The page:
After years of seeking help from state officials, people living near industrial hog farms across Eastern North Carolina had their fears about health-damaging pollution and industry harassment recognized by the US Environmental Protection Agency.
The EPA’s External Civil Rights Compliance Office (ECRCO) sent a letter to the NC Department of Environmental Quality (NCDEQ) last month stating that it “has deep concern about the possibility that African Americans, Latinos, and Native Americans have been subject to discrimination” as a consequence of the state’s oversight of its 2,000 hog farms. The farms typically store animal waste in open lagoons and spray it on nearby fields, leading to air and water pollution.
The EPA is investigating a federal civil rights complaint related to hog farms that was filed in 2014 by the NC Environmental Justice Network, the Rural Empowerment Association for Community Help and Waterkeeper Alliance alleging discrimination by NCDEQ based on race and national origin. The complaint alleged that NCDEQ’s 2014 renewal of the general permit under which industrial hog farms operate failed to adequately control animal waste and discriminatorily subjected communities of color to noxious odors, health problems and declining property values.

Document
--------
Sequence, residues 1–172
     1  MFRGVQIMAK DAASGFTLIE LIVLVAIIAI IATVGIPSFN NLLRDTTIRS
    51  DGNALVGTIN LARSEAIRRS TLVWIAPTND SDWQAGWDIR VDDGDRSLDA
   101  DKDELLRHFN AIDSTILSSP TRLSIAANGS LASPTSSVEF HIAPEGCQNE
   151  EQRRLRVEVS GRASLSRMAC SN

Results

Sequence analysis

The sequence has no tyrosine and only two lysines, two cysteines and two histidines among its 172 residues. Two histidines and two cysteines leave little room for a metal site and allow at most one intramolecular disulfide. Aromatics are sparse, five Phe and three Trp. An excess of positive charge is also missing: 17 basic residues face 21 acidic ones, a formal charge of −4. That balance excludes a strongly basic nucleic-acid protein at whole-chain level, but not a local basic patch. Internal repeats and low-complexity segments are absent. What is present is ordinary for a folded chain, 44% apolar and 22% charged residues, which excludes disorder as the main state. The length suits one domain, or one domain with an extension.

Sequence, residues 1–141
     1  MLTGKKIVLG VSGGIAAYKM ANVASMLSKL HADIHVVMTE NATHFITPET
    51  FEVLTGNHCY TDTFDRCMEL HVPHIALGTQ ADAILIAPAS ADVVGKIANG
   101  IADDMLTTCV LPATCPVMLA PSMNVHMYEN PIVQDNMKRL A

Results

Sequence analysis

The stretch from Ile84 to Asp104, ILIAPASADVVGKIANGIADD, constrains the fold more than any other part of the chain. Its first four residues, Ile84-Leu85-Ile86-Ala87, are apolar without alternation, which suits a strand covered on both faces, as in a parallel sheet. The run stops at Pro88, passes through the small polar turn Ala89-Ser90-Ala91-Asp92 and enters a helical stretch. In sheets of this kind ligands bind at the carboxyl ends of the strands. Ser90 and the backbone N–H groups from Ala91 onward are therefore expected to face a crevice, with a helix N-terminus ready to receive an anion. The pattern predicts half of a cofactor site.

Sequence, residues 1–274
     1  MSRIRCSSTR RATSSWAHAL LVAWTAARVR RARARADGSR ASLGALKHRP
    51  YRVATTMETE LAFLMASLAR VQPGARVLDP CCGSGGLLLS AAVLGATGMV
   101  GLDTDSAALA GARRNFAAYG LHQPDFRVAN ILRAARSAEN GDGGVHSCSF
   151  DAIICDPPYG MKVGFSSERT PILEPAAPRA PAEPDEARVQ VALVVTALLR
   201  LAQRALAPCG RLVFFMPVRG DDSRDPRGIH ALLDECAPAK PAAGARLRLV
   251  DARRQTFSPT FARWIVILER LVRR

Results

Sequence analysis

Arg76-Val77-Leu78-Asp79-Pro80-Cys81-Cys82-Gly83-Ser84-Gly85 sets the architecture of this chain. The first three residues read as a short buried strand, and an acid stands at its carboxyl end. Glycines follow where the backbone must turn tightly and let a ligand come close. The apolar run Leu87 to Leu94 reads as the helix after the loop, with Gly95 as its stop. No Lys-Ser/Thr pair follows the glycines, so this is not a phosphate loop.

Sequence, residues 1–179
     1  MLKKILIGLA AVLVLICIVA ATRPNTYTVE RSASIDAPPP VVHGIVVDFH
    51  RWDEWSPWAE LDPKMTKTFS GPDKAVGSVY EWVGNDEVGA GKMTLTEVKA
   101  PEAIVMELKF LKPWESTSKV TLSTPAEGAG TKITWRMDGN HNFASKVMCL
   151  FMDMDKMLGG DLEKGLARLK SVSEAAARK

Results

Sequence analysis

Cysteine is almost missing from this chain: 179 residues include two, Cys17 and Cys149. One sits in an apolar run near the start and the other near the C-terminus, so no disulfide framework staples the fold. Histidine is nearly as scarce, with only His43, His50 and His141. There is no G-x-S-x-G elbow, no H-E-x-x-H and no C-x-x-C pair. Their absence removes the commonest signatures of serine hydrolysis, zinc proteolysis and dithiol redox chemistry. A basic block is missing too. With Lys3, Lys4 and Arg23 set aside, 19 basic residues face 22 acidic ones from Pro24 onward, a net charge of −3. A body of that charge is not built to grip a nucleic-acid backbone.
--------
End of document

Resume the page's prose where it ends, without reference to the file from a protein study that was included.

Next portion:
Industrial hog farms are concentrated in Eastern North Carolina, the historic center of the state’s African-American population and home to a growing Latino community and the state-recognized Lumbee Tribe. A 2014 analysis by UNC researchers found that the proportion of African Americans, Hispanics and American Indians living within three miles of an industrial swine operation are 1.54, 1.39 and 2.18 times higher, respectively, than the proportion of non-Hispanic whites.
In 2015, the complainants and NCDEQ entered into an alternative dispute resolution process funded by the EPA. But the complainants withdrew from that process last year after NCDEQ attempted to bring representatives of the NC Pork Council and the…